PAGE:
At Grantland, Wesley Morris has a fascinating essay on a cultural shift:
But 21st-century blackness has lost its rigid center, and irony permeates the cultural membrane. More than kids knowing they can be president of the United States, it might be more crucial to the expansion of black identity that — thanks to, say, N.E.R.D or Odd Future — they know they can be skate punks. Kanye West can release an album called The College Dropout, then run around the world dressed like an Oberlin junior. (The backpack craze was popularized by him.) West had done what 15 years of The Fresh Prince of Bel-Air and Family Matters could not. He ushered in the chic of the black nerd. He cleared a safe space for narcissism and self-deconstruction; for singing rappers with names like Drake, J. Cole, and Tyler, The Creator; for the Roots to be Jimmy Fallon’s house band; for the threat in the music to move from the street to the psyche. Hip-hop had already begun to splinter into a land of a million mixtapes before West’s arrival. And with that shattering, black male style was transitioning away from Sean Combs’ “Puffy” era gilded age, with its plushness, flamboyance, glamour, and actionable danger.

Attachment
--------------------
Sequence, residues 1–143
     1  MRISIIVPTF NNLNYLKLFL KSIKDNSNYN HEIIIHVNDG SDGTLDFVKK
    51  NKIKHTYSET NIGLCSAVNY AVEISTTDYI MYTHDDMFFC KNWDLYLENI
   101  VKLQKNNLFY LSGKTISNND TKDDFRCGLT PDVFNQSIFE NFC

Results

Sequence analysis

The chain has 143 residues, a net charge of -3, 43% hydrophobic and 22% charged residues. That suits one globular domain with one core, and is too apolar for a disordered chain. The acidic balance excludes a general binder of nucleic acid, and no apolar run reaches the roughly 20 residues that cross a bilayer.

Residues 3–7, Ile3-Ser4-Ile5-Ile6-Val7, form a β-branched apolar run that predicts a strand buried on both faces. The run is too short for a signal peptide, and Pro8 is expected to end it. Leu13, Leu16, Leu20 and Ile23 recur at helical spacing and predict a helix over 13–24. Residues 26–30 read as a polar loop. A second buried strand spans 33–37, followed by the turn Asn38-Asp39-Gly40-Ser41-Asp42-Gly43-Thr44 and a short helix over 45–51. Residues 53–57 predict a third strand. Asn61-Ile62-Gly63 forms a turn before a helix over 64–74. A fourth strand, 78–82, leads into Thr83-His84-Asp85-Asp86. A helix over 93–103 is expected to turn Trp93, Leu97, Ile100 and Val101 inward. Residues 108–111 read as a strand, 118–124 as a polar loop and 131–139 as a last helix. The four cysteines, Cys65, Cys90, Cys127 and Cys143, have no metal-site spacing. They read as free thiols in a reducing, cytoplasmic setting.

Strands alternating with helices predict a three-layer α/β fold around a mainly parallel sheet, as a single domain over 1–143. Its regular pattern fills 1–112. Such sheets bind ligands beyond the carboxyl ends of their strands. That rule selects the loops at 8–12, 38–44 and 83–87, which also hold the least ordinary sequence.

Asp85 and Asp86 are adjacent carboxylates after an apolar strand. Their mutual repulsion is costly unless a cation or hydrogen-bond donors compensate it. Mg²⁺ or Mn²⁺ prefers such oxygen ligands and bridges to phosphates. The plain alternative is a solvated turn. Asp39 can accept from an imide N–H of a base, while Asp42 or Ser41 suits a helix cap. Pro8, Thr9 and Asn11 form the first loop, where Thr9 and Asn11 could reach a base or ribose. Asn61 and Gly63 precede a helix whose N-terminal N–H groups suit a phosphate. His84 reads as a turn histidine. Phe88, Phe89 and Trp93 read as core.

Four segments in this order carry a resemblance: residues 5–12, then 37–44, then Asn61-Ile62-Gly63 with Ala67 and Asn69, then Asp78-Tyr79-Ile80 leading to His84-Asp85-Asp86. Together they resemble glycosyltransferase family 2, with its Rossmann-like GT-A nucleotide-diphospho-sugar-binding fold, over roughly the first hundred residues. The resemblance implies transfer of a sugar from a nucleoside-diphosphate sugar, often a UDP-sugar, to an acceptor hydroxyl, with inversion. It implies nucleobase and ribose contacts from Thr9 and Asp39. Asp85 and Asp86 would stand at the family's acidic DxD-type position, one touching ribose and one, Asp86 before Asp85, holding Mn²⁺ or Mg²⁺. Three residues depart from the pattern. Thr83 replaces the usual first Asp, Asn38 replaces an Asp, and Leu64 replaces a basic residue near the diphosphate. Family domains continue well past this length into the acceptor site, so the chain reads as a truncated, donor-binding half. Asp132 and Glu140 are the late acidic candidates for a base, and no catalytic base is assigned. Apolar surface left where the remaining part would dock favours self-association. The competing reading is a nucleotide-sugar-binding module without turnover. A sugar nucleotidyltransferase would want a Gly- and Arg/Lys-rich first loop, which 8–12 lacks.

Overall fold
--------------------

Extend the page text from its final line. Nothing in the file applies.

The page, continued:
Morris begins and ends his discussion with the NBA, and the cultural cues sent by some of its most elite players. One wonders if the “expansion of black identity” Morris describes will have larger social implications. A striking fact about America’s diversity is that Latinos and Asian Americans, which have seen their populations expand dramatically since 1965, are somewhat more likely to marry members of other ethnocultural groups than African Americans, thus leading some to predict that a black-and-white racial binary will eventually be replaced by a beige-and-black racial binary. We could also imagine a scenario in which middle-class African Americans become part of a larger mixed-race, middle-class culture while poor African Americans will find themselves culturally and economically isolated.